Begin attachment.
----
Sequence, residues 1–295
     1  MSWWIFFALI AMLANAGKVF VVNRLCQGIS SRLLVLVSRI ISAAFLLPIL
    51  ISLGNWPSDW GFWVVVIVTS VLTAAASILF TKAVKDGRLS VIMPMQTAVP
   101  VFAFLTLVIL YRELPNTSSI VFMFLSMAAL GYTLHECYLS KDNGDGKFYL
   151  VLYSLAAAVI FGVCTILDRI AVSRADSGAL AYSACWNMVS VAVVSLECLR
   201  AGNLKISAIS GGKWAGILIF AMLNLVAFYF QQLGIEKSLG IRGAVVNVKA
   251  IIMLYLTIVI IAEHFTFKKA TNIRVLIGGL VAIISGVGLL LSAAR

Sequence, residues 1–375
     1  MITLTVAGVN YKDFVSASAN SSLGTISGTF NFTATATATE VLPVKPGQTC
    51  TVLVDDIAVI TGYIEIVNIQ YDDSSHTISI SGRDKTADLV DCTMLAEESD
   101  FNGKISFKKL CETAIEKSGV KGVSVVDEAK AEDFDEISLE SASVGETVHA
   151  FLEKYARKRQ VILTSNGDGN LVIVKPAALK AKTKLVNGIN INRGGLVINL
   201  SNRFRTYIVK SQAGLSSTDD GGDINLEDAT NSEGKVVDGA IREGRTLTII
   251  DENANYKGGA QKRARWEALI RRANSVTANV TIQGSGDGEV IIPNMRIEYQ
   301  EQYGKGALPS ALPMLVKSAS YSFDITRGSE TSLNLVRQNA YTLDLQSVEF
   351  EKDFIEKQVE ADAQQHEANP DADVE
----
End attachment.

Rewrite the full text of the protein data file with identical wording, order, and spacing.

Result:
Sequence, residues 1–295
     1  MSWWIFFALI AMLANAGKVF VVNRLCQGIS SRLLVLVSRI ISAAFLLPIL
    51  ISLGNWPSDW GFWVVVIVTS VLTAAASILF TKAVKDGRLS VIMPMQTAVP
   101  VFAFLTLVIL YRELPNTSSI VFMFLSMAAL GYTLHECYLS KDNGDGKFYL
   151  VLYSLAAAVI FGVCTILDRI AVSRADSGAL AYSACWNMVS VAVVSLECLR
   201  AGNLKISAIS GGKWAGILIF AMLNLVAFYF QQLGIEKSLG IRGAVVNVKA
   251  IIMLYLTIVI IAEHFTFKKA TNIRVLIGGL VAIISGVGLL LSAAR

Sequence, residues 1–375
     1  MITLTVAGVN YKDFVSASAN SSLGTISGTF NFTATATATE VLPVKPGQTC
    51  TVLVDDIAVI TGYIEIVNIQ YDDSSHTISI SGRDKTADLV DCTMLAEESD
   101  FNGKISFKKL CETAIEKSGV KGVSVVDEAK AEDFDEISLE SASVGETVHA
   151  FLEKYARKRQ VILTSNGDGN LVIVKPAALK AKTKLVNGIN INRGGLVINL
   201  SNRFRTYIVK SQAGLSSTDD GGDINLEDAT NSEGKVVDGA IREGRTLTII
   251  DENANYKGGA QKRARWEALI RRANSVTANV TIQGSGDGEV IIPNMRIEYQ
   301  EQYGKGALPS ALPMLVKSAS YSFDITRGSE TSLNLVRQNA YTLDLQSVEF
   351  EKDFIEKQVE ADAQQHEANP DADVE